Wildflower Watch

Lotus McElfish Goes to Washington

By Derek Norman with Guest Author Lotus McElfish

Originally appeared in The Botanical Artist - Volume 15, Issue 4


In her story, Lotus McElfish demonstrates that the relevance of botanical art to the issues and news of the day has never been greater. And in this age of instant, unlimited communication anything can happen. This is the story of a series of fortuitous, serendipitous events that started with a single, simple email and ended with a call from Washington. And that was only the beginning! 

Sometimes I get inspired by something I see in the media and I have learned to act on those inspirations. You just never know what might happen! That was how I began my endangered species project in 2005, getting a grant from the ASBA to paint the rare plants of the Texas Hill Country after reading about and seeing the effects of urban sprawl on central Texas landscapes. 

After watching President Obama’s prime time speech to Congress in March, I sent him an email urging him to maintain funding for the arts in his new budget. I also sent his family a catalog of the Endangered Species: Flora and Fauna in Peril exhibit that was going to end March 6th at the Department of the Interior Museum, which is right in their backyard. Two days later, the president gave a speech at the Department of the Interior, honoring the Department’s 160th birthday and signing a memorandum that will, “…help restore the scientific process to its rightful place at the heart of the Endangered Species Act.” 

Later that week I received an invitation to speak there! A coordinator from the Museum called and said the exhibit was extended until May 16th (by popular demand) and that she wanted me to share the beauty of the Texas Hill Country and its endangered plants on closing day. She scheduled me to present a slide show of my field work and a workshop on graphite pencil techniques. 

Arriving in the DC area, I delighted by the support I got from the local Botanical Art Society of the National Capitol Region, and the botanical art school, Brookside Gardens School of Botanical Art and Illustration – I felt quite honored. At the Department of Interior Museum, the attendance was perfect and the coordinator from the Department of the Interior was very impressed, as it seems that their events like this are not well attended. Students were enthusiastic, and I felt I had recruited even more people to the task of saving our endangered species.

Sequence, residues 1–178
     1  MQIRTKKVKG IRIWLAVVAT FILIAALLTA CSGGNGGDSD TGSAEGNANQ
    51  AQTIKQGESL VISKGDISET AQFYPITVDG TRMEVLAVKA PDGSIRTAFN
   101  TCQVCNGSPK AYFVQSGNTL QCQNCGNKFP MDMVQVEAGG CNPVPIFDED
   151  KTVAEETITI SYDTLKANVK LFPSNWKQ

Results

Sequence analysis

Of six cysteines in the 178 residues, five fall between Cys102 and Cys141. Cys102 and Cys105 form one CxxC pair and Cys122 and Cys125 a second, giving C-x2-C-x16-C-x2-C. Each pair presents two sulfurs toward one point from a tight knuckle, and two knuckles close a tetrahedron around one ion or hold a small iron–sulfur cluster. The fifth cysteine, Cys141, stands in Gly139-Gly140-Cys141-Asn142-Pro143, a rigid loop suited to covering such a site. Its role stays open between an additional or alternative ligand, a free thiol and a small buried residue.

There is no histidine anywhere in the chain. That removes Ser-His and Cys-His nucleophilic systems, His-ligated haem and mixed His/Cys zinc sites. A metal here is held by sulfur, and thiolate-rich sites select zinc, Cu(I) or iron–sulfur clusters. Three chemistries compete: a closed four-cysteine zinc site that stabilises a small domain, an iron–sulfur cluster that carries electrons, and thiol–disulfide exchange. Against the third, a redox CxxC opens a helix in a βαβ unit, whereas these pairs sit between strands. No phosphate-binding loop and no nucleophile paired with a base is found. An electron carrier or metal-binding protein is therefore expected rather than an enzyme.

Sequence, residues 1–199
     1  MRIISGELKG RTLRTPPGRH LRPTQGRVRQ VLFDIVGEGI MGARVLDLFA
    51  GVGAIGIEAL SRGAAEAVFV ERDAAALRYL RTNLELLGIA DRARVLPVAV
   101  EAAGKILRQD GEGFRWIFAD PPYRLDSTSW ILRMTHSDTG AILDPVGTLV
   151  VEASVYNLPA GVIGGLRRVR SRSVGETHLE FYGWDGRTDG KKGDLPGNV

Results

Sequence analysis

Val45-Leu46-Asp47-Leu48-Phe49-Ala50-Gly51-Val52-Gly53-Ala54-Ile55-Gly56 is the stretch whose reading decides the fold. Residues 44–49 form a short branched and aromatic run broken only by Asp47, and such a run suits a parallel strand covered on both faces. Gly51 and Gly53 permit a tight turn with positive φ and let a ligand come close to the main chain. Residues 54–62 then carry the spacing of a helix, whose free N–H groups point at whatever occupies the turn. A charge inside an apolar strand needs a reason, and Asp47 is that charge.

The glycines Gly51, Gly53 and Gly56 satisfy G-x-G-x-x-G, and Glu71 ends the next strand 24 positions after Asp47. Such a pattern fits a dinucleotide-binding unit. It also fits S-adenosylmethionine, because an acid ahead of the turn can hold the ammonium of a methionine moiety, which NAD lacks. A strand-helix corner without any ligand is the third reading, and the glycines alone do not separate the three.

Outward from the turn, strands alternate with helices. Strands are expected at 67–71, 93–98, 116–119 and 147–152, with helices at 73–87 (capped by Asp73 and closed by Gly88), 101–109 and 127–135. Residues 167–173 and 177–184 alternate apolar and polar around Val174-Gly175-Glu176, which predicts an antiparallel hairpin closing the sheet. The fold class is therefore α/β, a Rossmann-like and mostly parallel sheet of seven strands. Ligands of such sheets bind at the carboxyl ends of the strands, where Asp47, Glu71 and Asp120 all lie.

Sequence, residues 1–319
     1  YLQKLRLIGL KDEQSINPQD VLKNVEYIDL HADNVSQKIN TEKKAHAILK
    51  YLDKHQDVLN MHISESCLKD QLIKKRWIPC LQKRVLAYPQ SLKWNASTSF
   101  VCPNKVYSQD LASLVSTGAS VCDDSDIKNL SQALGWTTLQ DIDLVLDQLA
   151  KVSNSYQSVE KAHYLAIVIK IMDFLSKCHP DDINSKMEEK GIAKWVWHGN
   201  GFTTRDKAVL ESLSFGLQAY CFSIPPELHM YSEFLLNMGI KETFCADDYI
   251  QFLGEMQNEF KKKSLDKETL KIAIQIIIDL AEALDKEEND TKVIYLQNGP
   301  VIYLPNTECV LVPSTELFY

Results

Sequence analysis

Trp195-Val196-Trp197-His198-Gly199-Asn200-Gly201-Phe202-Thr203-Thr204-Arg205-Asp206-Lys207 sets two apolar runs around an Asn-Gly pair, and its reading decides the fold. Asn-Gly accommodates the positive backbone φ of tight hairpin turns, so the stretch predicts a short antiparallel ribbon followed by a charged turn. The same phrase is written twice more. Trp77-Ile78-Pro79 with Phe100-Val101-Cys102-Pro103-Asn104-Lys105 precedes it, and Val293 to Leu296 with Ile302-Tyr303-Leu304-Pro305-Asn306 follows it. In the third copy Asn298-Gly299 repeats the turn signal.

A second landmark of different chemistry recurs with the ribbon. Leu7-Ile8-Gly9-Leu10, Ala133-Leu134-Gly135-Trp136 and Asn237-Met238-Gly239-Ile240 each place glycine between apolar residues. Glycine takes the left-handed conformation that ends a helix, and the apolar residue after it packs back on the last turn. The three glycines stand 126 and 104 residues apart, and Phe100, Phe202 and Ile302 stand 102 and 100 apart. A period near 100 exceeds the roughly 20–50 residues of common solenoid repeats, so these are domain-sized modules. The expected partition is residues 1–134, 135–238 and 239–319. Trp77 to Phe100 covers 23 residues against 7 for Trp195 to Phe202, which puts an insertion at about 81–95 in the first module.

The museum is a gem that people have not yet really discovered. The building contains the agency in charge of keeping an eye on our natural resources, but it’s not really a tourist destination. In actual fact, like so many of the institutions in Washington, it is full of delightful and unexpected surprises. You may wish to pay a visit one day, who knows what might happen! 

Image to left: Zizania texana, Texas Wild-Rice, watercolor, ©Lotus McElfish 2007, presented in the poster used for this workshop. Its story: Flo Oxley, Director of Plant Conservation and Education at the Lady Bird Wildflower Center in Austin suggested that I paint Texas wildrice, which became the first Texas plant to be federally listed as endangered in 1978. This aquatic grass grows only in a small stretch of the upper San Marcos River. Its thin leaves, up to six feet long, wave in the currents among tubers and kayakers. She told me once that, “If it’s endangered it’s not too late [to save it from extinction]!” 


  • Styrax platanifolius ssp. Texanus, Texas Snowbells, watercolor, ©Lotus McElfish 2007. Its story: After many calls to locate this specimen, I learned about David Bamberger, who searches out Texas snowbell colonies, collects seed, and reintroduces the plant. This portrait is in honor of his mission to get the plant off the endangered list. The bloom is gorgeous and short-lived, dropping in masses that cover the ground like snow.